Home Secretary Charles Clarke may have endangered some of the most high-profile terrorist prosecutions yet seen in Britain, it was suggested yesterday.
In a bid to win backing for new terror powers, he distributed a seven-page Scotland Yard document which contained details of three terrorist cases - currently sub-judice.
The contents of the case studies cannot be repeated in full because they would amount to contempt of court.
But they included details of evidence against a number of defendants and their behaviour in police interviews.
Media lawyer Rod Dadak said: "I would be most surprised if, in issuing a release seeking to justify new detention powers, any reference would be made to a case which has yet to come to trial.
"It is inappropriate to do so and clearly calls into question the risk of prejudicing a fair trial."
He added: "The detail they have given impacts on the conduct of the defendants, which would appear to breach the rules with regard to contempt." One of the cases highlighted by Scotland Yard has been described by a senior legal source as the biggest terror prosecution mounted in the UK.
The Met's briefing note was drawn up by Assistant Commissioner Andy Hayman, who is in charge of the antiterrorist branch, in a bid to explain why police need powers to detain terror suspects for up to three months before charge.
The Home Office said the Crown Prosecution Service had cleared the material.
A CPS spokeswoman said: "It is the CPS's view that the material that the document contains is not prejudicial to any future proceedings."
A Home Office spokeswoman said: "There is no question whatsoever of the Home Office issuing material which might prejudice forthcoming legal proceedings."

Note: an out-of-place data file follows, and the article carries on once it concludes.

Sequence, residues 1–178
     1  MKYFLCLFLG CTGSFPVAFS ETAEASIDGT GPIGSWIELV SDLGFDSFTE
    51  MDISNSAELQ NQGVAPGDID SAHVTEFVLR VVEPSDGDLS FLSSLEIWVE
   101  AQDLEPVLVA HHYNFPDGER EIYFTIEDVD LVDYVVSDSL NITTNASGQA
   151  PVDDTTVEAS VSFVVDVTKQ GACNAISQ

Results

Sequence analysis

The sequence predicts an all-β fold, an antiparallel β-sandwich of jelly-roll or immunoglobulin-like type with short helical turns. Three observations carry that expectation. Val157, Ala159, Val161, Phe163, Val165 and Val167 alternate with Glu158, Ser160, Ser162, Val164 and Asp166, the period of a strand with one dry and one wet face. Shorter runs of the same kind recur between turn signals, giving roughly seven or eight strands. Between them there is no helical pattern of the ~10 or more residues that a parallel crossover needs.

The Home Office distributed the Met's document to MPs, peers and journalists.
Headings of each case study stated "This case is sub judice and it would therefore be inappropriate to release further details" but then went on to include information banned from publication ahead of a trial by the 1981 Contempt of Court Act. Meanwhile, Mr Clarke also published new plans to give police powers to temporarily close places of worship, such as mosques, which are being used by extremists.
The trustee or registered owner of a place of worship would be issued with an order - obtained from a court by the police - requiring them to take steps to stop such behaviour.
Failing to do so would be a criminal offence. If the activity persisted, police could apply to the court for a "restriction of use order" which could temporarily close all or part of the premises.
The consultation paper said the new powers would be a "last resort" and police would attempt to solve problems at any place of worship.
Controversial plans to make it a criminal offence to praise terrorist attacks were significantly watered down. Mr Clarke abandoned proposals which would have made it a crime to glorify terrorist acts.
The offence of glorifying terrorism will still feature in a new Terrorism Bill but it will have to be proved that the person making the statement intended to incite further terrorist acts.